Frederick G. Dold, MD; Edith P. Mitchell, MD
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Dold FG, Mitchell EP. Sudden-Onset Thrombocytopenia with Oxaliplatin. Ann Intern Med. 2003;139:W-59. doi: 10.7326/0003-4819-139-2-200307150-00021-w3
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Published: Ann Intern Med. 2003;139(2):W-59.
TO THE EDITOR:
Background: Oxaliplatin is a third-generation platinum compound that has shown activity in colorectal cancer. Although it has been used for several years in Europe, it has been approved for use in the United States only since 9 August 2002. With this approval, widespread use is anticipated. Two previous published reports described thrombocytopenia and hemolytic anemia thought to be caused by oxaliplatin (1, 2).
Objective: To describe a case of sudden-onset thrombocytopenia in a patient taking oxaliplatin.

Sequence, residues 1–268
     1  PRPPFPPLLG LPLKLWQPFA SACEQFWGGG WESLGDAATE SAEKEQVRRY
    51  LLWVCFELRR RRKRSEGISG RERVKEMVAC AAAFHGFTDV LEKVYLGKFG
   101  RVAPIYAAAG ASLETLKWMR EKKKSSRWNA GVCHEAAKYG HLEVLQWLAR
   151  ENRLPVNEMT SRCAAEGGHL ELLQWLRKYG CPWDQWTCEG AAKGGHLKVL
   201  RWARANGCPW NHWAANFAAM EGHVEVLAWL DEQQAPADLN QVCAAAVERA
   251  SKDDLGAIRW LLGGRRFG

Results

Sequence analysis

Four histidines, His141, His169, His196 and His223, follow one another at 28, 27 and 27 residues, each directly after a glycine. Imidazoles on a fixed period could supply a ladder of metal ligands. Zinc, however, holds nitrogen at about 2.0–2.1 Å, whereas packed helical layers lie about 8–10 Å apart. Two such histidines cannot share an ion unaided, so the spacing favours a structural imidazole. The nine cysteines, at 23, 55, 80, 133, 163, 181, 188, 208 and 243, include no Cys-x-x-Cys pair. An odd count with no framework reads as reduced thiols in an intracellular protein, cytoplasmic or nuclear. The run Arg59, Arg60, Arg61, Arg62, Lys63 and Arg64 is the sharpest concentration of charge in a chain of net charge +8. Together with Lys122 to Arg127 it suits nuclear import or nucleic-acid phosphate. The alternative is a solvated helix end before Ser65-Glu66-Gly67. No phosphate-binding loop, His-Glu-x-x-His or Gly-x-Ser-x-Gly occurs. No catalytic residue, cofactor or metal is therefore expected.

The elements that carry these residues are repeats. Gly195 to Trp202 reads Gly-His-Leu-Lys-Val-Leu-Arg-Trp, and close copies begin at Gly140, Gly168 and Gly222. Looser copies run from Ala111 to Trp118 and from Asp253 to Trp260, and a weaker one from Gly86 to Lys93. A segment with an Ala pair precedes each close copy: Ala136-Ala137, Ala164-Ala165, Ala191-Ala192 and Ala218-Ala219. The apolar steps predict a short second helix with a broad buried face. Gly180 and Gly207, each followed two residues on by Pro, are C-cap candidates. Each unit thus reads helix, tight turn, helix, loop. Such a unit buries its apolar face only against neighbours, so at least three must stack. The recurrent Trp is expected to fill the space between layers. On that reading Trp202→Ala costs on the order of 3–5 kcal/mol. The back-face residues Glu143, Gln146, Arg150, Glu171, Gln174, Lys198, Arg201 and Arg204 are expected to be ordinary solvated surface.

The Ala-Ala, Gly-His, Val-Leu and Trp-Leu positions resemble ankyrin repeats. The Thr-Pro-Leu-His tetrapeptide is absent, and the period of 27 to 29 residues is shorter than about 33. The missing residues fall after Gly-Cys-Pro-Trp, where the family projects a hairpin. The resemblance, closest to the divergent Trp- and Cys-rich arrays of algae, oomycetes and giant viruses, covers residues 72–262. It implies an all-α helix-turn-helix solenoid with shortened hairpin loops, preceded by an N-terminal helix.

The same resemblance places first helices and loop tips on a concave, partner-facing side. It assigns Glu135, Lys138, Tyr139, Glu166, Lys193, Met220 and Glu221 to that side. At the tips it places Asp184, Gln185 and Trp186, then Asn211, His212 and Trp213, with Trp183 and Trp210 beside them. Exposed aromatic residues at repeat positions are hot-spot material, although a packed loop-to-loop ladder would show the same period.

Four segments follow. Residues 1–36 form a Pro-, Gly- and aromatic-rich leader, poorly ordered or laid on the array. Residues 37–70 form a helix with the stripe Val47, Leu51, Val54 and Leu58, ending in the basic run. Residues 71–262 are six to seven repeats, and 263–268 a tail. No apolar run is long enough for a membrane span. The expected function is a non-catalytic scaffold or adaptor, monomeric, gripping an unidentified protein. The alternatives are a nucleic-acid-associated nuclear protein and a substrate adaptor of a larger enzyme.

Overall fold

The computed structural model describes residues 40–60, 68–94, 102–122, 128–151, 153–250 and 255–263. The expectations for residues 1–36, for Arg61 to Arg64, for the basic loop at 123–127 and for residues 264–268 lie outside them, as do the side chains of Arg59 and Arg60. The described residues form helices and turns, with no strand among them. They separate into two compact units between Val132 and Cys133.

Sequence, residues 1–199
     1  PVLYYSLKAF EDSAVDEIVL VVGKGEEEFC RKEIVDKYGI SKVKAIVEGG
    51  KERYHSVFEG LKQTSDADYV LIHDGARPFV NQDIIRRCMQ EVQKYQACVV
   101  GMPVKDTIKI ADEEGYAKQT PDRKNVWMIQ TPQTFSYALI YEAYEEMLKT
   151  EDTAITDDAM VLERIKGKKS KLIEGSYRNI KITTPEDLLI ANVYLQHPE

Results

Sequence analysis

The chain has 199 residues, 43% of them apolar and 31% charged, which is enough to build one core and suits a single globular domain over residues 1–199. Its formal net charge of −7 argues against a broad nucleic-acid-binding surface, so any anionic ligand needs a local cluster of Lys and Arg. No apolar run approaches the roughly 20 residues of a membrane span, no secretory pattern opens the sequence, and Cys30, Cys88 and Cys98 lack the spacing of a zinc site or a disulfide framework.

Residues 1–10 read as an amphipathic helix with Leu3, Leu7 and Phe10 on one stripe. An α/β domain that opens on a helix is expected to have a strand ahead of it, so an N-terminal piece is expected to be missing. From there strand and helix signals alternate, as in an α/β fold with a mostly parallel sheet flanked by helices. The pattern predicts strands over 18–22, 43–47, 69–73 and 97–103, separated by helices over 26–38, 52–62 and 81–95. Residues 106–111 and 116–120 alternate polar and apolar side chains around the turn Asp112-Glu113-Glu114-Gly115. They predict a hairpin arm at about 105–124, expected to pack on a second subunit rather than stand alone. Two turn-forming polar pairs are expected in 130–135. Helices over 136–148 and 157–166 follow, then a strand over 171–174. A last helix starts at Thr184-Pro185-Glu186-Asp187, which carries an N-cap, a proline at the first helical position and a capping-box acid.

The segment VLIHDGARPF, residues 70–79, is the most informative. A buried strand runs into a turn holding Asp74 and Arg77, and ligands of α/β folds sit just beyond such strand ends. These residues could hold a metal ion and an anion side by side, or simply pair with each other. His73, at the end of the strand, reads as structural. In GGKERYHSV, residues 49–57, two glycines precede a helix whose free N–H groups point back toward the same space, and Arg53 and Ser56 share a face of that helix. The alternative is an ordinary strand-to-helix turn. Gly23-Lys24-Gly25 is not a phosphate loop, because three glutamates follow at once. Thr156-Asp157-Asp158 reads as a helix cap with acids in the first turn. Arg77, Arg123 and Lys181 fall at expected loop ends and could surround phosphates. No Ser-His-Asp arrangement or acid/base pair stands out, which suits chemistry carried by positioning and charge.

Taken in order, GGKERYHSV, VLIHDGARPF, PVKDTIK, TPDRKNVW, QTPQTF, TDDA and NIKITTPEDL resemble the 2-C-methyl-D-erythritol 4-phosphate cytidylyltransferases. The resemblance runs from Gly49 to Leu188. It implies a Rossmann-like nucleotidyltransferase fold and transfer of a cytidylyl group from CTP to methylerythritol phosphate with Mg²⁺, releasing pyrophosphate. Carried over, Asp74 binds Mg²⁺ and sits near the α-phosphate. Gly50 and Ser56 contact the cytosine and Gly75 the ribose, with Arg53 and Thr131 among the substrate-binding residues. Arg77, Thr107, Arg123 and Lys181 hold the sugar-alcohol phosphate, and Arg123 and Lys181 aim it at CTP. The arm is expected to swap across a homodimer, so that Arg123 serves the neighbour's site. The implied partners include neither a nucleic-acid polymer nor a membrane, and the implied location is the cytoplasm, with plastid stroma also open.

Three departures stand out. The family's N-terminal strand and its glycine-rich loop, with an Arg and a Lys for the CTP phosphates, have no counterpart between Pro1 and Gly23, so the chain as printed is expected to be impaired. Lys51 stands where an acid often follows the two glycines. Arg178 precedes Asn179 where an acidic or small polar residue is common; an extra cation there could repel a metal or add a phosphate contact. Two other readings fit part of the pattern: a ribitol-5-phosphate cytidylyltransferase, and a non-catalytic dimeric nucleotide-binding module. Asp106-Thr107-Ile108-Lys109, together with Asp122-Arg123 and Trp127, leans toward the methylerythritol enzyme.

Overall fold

Case Report: In June 2002, a 70-year-old woman with colon cancer metastatic to the liver presented for her 19th cycle of oxaliplatin. Blood drawn before chemotherapy showed a hemoglobin level of 97 g/L and a platelet count of 432 × 109 cells/L. The patient received a 5-mL heparin flush through her port, and oxaliplatin, 85 mg/m2. After approximately three quarters of the oxaliplatin infusion, she developed chills and hypoxia (pulse oximetry at room air was 90%). The patient received diphenhydramine, 25 mg, meperidine hydrochloride, 25 mg, and intravenous dexamethasone, 20 mg. The symptoms ended within 20 minutes, and she received 250 mg/m2 of both 5-fluorouracil and leucovorin without incident.
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Print ISSN: 0003-4819 | Online ISSN: 1539-3704
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